Outputs will be in the form of regular progress reports and a final narrative report and PowerPoint summary. Please note that sanitized/anonymized versions of the raw data will also be required. Regular progress reports will be needed at each stage of the schedule of agreed activities to assess progress and quickly address any problems arising. The final report, including analysis of results, will be reviewed, and approved by TRAFFIC and WWF. All data tables, background data files, and other related materials are property of USAID, data management should ensure confidentiality of respondents.

All reports will be prepared in both English and Vietnamese.






Posting/circulation of the RFP

27 Jan 2022


Evaluation of proposals and contacting research agencies

10 Mar 2022


Start the contract with selected research agency

15 Mar 2022


Finalization of the research plan

18 Mar 2022


Conducting the research

Finished by end - May 2022


Draft report

7 June2022


Final report

17 June 2022


Presentation of findings

No later than one week after the final report


Approved final reports available for use

By 27 June 2022


Proposals will be evaluated according to the Proposal Evaluation Criteria by the Review and Selection Committee. Only short-listed candidates will be contacted. Proposals with accompanying documentation will not be returned to unsuccessful candidates.

The short-listed companies will be requested to prepare a 30-minute oral presentation (using PowerPoint) of their proposal (technical and cost proposals) and Q&A session for further clarifications. This presentation will not be submitted with the proposal mentioned above. However, this presentation must be ready for the final selection process that will happen within three days after the announcement of shortlisted agencies.

TRAFFIC will make every reasonable attempt to schedule each presentation at a time that is agreeable to the agency. Failure of an agency to conduct a presentation on the date scheduled may result in the rejection of the agency's proposal.

The scoring for both proposals (primary score) and presentation (interview score) will be tabulated. The Final Score of the evaluation will be the accumulated scores of Primary and Interview Score. The Final Score will be taken for the ultimate selection of tender to the proposal.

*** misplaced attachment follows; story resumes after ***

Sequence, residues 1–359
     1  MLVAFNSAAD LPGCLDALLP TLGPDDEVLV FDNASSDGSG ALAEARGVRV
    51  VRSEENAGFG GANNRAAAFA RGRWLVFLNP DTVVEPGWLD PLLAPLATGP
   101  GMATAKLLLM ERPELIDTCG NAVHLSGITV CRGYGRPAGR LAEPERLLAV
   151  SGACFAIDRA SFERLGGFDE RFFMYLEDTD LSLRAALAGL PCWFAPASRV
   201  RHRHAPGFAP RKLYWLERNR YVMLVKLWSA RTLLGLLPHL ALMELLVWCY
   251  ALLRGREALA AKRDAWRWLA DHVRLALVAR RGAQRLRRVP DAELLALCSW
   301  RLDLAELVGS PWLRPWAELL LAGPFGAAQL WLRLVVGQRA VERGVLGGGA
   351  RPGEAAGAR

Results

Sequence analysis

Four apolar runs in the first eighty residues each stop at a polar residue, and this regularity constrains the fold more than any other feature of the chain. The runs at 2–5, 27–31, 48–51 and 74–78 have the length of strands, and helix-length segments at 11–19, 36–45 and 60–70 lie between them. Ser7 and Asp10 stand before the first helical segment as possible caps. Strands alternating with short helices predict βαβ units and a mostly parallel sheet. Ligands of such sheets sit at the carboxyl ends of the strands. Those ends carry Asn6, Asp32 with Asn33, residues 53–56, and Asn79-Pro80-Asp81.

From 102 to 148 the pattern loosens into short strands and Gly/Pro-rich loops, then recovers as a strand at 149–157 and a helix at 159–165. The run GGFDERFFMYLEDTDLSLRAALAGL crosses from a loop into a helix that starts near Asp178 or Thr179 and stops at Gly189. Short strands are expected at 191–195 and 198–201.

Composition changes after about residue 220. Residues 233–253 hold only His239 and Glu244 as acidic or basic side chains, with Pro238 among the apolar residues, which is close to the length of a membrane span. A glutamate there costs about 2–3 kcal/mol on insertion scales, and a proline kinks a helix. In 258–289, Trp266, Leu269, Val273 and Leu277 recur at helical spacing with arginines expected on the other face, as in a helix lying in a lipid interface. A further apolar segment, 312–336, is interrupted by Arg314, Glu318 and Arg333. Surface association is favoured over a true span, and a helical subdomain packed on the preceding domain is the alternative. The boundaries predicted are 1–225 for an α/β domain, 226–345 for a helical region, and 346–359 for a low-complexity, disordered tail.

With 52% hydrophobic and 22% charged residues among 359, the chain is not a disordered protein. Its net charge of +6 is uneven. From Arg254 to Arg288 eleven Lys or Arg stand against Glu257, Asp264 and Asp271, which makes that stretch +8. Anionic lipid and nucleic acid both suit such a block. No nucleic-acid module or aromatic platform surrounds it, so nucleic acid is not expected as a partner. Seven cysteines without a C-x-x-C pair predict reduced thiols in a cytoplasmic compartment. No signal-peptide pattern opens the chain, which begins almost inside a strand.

Apart from the required dossiers, the chosen agency will be required to sign the following Certifications. Failure to do so may result in rejection of the agency's proposal

  1. Certification Regarding Responsibility Matters - APR 2010. (FAR Reference 52.209-5),
  2. Prohibition on Assistance to Drug Traffickers. (22 CFR Part 140),
  3. Certification Regarding Terrorist Financing. (Implementation of Executive Order 13224),
  4. Anti-Kickback Procedures – OCT 2010. (FAR Reference 52.203-7), and,
  5. Certification and Disclosure Regarding Payments to Influence Certain Federal Transactions - SEP 2007 (FAR Reference 52.203-11).

7.      HOW TO APPLY:

The research proposal, itemized budget, and agency capability statement in English should be submitted to Ms. Loan via [email protected] and [email protected] by COB 17:00 dated Friday 4 March 2022. The deadline for the project completion (including full research report and other deliverables) is by 27 June 2022.

Annex 1: List of reference data on the consumption of rhino horn, ivory, and pangolin products in Vietnam

1. USAID (Globescan), 2018, Consumer Demand for Rhino, Elephant, and Pangolin Products in Vietnam: here

2. USAID (Globescan), 2021, Consumer Demand for Rhino, Elephant, and Pangolin Products in Vietnam (not yet published, to be sent to the short-listed candidate).

3. USAID (Indochina Research), 2021, A Monitoring Survey of the Chi III Social and Behavior Change Campaign to Reduce Demand for Rhino Horn Parts and Products in Vietnam (not yet published, to be sent to the short-listed candidate).

4. TRAFFIC (Indochina Research), 2021, Consumer Demand for Rhino horn in Traditional Medicine (not yet published, to be sent to the short-listed candidate).

5. Sam Campbell, Gayle Burgess, Stephen Watson, James Compton, 2021, Situation analysis: Social and Behaviour Change Messaging on Wildlife Trade and Zoonotic Disease Risks: here

6. Laura A. Thomas-Walters, 2018, Mapping Motivations: Combating consumption of illegal wildlife in Viet Nam: here

7. USAID Wildlife Asia 2020 Case Digest: here

8. WWF (Globescan), May 2021, COVID-19 one year later public perceptions about pandemics and their links to nature: here

9. WWF (Globescan), March 2020, Opinion Survey on COVID-19 and Wildlife Trade in 5 Asian Market: here

10. Robin Naidoo, Daniel Bergin and Jan Vertefeuille, 2021, Socio-demographic correlates of wildlife consumption during early stages of the COVID-19 pandemic: here

11. WWF (Globescan), 2021, Demand Under the Ban China Ivory Consumption Research 2021: here

12. Alegria Olmedo, 2021, Pangolin consumption is more prevalent than past studies have shown: here




Job Details
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Application Deadline: 
Fri, 2022-03-04